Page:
My number theory class has moved on from Pythagorean triples. Lately we’ve been talking about the Euclidean algorithm. Specifically, it’s an algorithm for finding the greatest common divisor (gcd) of two numbers.

Of course, there are lots of ways finding the gcd. You could simply list all of the divisors of the first number, all of the divisors of the second number, and then compare the two lists. Let me suggest, though, that this method gets tedious in a hurry. Even for a computer it’s hopelessly inefficient.

A somewhat better way involves finding the prime factorizations of the two numbers. The gcd can then be found by looking at the intersection of the two factorizations. But this too is rather inefficient when you are dealing with large numbers.

Which brings us to the big algorithm. It is based on the idea that if *A* and *B* are the two numbers, with *A* larger, then we can divide *A* by *B* to get a quotient and a remainder:

\[

A=qB+r

\]

Though I won’t stop to do a formal proof, it is now the case that

\[

\gcd(A,B)=\gcd(B,r),

\]

which is pretty cool, since *r* is smaller than *B*. The basic idea is that in our previous equation, any divisor of two of the three terms must also divide the third term as well.

Perhaps now the strategy is clear. We just keep dividing, so that our problem involves finding the *gcd* of smaller and smaller numbers.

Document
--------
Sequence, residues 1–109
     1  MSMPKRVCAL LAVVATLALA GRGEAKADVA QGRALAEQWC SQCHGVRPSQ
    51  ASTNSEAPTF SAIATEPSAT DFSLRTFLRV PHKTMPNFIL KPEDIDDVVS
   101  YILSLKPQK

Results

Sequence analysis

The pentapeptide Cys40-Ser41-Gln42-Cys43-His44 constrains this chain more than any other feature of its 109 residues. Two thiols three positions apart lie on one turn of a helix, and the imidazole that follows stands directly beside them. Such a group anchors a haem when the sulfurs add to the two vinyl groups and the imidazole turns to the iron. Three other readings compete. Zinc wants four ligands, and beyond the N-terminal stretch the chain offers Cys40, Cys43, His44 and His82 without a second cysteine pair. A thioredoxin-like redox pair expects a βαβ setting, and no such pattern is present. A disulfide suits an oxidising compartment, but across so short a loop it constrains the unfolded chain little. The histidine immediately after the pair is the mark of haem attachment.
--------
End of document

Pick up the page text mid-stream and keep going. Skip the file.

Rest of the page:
(For the TeX hounds in the audience, I should point out that my TeX renderer does not seem to recognize the align environment. Hence the somewhat awkward layout.)

As an example, let us take

\[

A=147 \phantom{xxx} \textrm{and} \phantom{xxx} B=114.

\]

Then we can compute:

\[

147=(1)(114)+33

\]

\[

114=(3)(33)+15

\]

\[

33=(2)(15)+3

\]

\[

15=(3)(5)

\]

We now conclude that the gcd is 3, the logic being that

\[

\gcd(147,114)=\gcd(114,33)=\gcd(33,15)=\gcd(15,3).

\]

Not a bad trick! And extremely efficient, as it happens.

But I know what you’re thinking. You’re thinking: Gosh! It sure is cool that you can find the gcd so easily. But now suppose that *A* and *B* are two integers with gcd equal to *d*. Can I use the Euclidean algorithm to find (possibly negative) integers *x* and *y* that solve the equation:

\[

Ax+By=d?

\]

Indeed you can. The trick is to work the algorithm backward. For example, if I want to find a solution to

\[

147x+114y=3,

\]

I can reason like this:

\[

3=33-(2)(15)

\]

\[

3=33-(2)(114-(3)(33))= -2(114)+7(33)

\]

\[

3= -2(114)+7(147-(1)(114))=147(7)+114(-9)

\]

which certainly does the trick. Now, I grant you that little computation might seem like it came out of left field. It turns out though, that it is just what we will need later to solve certain problems involving modular arithmetic. Don’t know what that is? Well, just stay tuned!